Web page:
From what I’ve read and heard, Wayne Thunder believed in the Singapore Music Scene and he put this belief into action in his brief time on earth. The best way the Singapore Music Scene can honour his memory is to make sure that the scene explodes in the years to come so that one day, Singapore music fans will come from Malaysia, Philippines, Japan, UK and even the USA…
… it’s all in our hands.

Monday, June 25, 2007

TIMMYHEAD!

Covers band.
These words used to induce nausea and images of cheesy imported Filipino bands come straight to mind.
(No offence intended but the Singapore music scene was very much dominated by Filipino bands in the 80s and 90s)
Now, Timmy is a covers band, make no mistake and I have to thank Ngak, HYR, Syed and Clement for changing my opinion about covers band. I make no bones about it – Timmy is one tight outfit! Check out their version of Radiohead’s Paranoid Android – it’s really dynamic, visceral & passionate (maybe the next best thing to watching Thom Yorke and co) – and you begin to wonder why doesn’t Timmy perform any original material whatsoever?
Not that I haven’t made it a point to nag Ngak about this every chance I get but he has his reasons and I respect them, really I do, but at the back of my mind I’m thinking that a crack band like Timmy should be playing originals…
On Friday, before playing another white-hot Paranoid Android, Ngak remarked that the song was going out to the music lovers in the audience and was not the usual commercial shit … they usually played (?).
Hmm…
I guess that’s what Timmy is about – giving people what they want – and doing a bang up job at that as well. Why not?
I know for a fact that the Timbre management does not insist on an all-covers policy so don’t blame Danny or Edward. In the final analysis, does it matter?
I realize that for Ngak and HYR, the Cheena market is where the artistic effort of creating original material has the greatest opportunity (for now) to reap financial rewards (hey, I understand that perfectly – I’m hoping to do the same thing) but I honestly believe that if Timmy can also start to play a few originals, these songs may be as popular (and as requested) as say, Snow Patrol’s Chasing Cars (ugh)…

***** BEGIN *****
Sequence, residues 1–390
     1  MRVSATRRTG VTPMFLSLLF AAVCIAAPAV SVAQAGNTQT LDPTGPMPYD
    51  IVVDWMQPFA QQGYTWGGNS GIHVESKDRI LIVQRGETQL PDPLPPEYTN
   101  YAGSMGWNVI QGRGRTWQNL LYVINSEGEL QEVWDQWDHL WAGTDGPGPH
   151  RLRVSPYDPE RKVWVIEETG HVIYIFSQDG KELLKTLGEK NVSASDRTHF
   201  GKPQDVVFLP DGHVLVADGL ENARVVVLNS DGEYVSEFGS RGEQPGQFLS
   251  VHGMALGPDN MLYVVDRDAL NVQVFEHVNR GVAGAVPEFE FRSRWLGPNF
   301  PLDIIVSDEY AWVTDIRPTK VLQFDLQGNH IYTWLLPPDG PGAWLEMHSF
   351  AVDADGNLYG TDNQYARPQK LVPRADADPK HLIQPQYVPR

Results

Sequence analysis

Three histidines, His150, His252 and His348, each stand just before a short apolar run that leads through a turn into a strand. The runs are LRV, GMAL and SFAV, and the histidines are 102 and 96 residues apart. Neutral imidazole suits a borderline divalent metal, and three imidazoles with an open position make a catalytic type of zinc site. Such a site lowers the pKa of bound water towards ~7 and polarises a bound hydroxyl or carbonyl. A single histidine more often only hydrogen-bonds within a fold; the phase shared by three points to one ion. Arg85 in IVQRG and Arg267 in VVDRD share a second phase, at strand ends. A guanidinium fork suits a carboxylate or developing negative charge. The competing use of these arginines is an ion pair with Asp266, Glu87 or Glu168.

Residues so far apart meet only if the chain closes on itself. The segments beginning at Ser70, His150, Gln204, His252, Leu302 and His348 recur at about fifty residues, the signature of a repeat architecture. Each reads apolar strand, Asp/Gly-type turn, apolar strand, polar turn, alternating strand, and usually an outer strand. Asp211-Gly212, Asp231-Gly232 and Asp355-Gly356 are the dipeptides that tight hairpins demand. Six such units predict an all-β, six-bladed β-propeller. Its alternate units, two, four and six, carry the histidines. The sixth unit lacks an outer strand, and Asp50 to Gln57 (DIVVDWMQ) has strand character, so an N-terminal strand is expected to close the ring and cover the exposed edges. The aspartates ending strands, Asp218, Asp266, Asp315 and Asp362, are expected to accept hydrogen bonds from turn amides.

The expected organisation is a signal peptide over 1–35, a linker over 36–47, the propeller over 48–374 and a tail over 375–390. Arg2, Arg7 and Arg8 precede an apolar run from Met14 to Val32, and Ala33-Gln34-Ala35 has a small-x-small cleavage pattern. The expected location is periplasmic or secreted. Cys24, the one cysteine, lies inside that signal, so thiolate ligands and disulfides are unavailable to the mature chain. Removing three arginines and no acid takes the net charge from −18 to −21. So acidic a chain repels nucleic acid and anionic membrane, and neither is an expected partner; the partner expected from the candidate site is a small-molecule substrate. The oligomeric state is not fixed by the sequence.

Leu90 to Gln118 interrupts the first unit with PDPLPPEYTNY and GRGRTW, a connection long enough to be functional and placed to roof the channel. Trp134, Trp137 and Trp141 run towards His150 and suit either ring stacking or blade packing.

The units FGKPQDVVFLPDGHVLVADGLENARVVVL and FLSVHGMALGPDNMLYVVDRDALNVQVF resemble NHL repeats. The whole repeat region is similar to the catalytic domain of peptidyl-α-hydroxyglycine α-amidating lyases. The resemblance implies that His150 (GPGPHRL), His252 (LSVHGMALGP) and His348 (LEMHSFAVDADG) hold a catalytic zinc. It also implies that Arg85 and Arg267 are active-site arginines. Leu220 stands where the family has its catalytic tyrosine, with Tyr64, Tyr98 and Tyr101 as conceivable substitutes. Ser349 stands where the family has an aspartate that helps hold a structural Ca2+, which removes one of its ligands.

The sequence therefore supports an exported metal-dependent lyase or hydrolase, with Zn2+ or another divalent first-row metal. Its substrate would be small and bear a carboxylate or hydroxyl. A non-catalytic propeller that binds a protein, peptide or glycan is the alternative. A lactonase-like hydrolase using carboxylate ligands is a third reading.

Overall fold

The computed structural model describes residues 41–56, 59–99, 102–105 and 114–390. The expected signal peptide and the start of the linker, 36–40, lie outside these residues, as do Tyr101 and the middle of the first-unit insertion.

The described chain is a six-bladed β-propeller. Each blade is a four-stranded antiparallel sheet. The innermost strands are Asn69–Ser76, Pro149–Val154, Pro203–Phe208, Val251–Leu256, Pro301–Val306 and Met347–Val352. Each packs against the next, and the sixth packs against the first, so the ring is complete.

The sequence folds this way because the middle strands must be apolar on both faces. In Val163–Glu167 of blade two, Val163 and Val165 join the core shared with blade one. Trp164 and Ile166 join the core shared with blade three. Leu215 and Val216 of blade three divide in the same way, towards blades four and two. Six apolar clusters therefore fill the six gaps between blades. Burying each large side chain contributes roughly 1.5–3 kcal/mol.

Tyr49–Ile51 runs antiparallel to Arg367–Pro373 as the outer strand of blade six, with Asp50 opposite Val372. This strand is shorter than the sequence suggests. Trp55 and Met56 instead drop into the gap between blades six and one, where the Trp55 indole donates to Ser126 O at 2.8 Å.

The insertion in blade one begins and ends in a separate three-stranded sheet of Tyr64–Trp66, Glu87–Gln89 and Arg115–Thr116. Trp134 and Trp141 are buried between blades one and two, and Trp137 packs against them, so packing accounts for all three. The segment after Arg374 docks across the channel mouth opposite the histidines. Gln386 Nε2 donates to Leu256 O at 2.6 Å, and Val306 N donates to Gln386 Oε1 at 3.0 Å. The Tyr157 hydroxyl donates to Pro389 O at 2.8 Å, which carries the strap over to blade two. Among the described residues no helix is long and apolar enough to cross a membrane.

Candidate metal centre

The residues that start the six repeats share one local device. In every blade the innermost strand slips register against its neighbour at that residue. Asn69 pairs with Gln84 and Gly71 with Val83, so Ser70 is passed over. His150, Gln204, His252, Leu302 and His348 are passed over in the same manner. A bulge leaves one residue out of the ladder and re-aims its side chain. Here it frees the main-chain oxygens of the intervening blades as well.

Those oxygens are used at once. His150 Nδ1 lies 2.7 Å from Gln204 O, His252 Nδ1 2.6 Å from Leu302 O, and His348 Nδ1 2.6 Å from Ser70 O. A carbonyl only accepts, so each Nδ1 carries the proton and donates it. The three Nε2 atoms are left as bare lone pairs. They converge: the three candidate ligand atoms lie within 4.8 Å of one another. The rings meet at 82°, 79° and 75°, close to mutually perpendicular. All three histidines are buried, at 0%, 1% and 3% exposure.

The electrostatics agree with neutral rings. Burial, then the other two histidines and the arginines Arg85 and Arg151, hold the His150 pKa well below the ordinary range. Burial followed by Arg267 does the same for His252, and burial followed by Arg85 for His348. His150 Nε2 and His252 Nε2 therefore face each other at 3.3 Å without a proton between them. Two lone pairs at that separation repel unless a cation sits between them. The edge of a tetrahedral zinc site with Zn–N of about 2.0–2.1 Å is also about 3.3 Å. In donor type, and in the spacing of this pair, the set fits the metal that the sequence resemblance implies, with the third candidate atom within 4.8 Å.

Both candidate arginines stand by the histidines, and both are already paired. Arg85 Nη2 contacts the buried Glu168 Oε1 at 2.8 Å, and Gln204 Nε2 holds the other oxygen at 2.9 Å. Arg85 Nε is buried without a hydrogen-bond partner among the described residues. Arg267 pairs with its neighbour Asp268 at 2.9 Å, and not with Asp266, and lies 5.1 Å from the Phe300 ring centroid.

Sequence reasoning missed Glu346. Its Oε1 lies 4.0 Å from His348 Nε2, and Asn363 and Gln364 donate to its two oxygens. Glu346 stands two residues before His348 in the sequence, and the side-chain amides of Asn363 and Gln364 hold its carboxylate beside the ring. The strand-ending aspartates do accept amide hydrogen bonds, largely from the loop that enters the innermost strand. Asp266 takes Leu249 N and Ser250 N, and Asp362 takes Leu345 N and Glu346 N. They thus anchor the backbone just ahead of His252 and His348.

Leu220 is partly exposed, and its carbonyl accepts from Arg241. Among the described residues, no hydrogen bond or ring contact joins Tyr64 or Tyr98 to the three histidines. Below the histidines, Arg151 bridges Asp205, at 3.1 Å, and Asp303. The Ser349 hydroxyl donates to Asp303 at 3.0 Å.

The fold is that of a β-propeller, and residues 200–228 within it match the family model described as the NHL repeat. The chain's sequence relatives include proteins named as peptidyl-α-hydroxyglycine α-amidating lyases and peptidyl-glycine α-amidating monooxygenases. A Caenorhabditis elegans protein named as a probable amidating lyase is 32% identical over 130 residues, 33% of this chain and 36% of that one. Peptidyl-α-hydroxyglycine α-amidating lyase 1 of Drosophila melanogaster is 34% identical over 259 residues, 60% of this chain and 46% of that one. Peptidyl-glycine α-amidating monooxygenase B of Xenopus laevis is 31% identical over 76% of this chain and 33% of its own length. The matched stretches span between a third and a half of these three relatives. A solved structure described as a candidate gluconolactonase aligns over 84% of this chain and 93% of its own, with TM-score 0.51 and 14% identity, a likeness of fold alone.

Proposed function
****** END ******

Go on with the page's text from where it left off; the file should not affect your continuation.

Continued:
… it has to start somewhere…

Sunday, June 24, 2007

THE MOST IMPORTANT BAND IN SINGAPORE

Hyperbole be damned!
It's one thing to praise bands that you're friends with - it's another to discover a shit hot band that you're delighted to find, subsequently, are cool human beings as well - and then give them the props they so richly deserve.
Last night, at Timbre, the Great Spy Experiment treated the largely clueless audience to an exercise of music myth-making. Perhaps only a handful of us fully grasped that we were witnessing a performance by THE MOST IMPORTANT BAND IN SINGAPORE in 2007.
And it wasn't the tone-perfect playing or the high energy levels or even the kind of music presented - it was all down to synergy. The best music makers learn how to bring together a myriad of influences and genres to create a unique sound and GSE have that quality in spades.
In the course of their wondrous set, I detected influences from Pink Floyd (circa Syd Barret), the Knack, Echo & the Bunnymen, the House of Love, Oasis all filtered through the collective consciousnesses of Saiful, Song, Fandy, Khai and Mag, whether they knew it or not.
And the songs... from the fragile beauty of Late Night Request to the crowd pleasing stomping Class 'A' Love Affair, GSE is able to anchor atmospheric shoegazing dynamics with earthy rock 'n' roll that sends chills down spines whilst moving feet.
Which probably is why I was mystified as to how most of the folks at Timbre could remain stoic in their seats... whatever... there is little doubt in my mind that the upcoming album promises to be an essential item not merely for indie rock fans but for every rock fan out there. Sure, the Singapore music scene can be an unforgiving bitch but GSE has the potential to outstrip every Singapore rock band before them and throw down the gauntlet in this region and beyond for rock music made in Singapore. Yes, there is a sense that this is a zeitgeist-defining epoch in the history of Singapore rock, such as it is, and I believe that GSE is at the very forefront...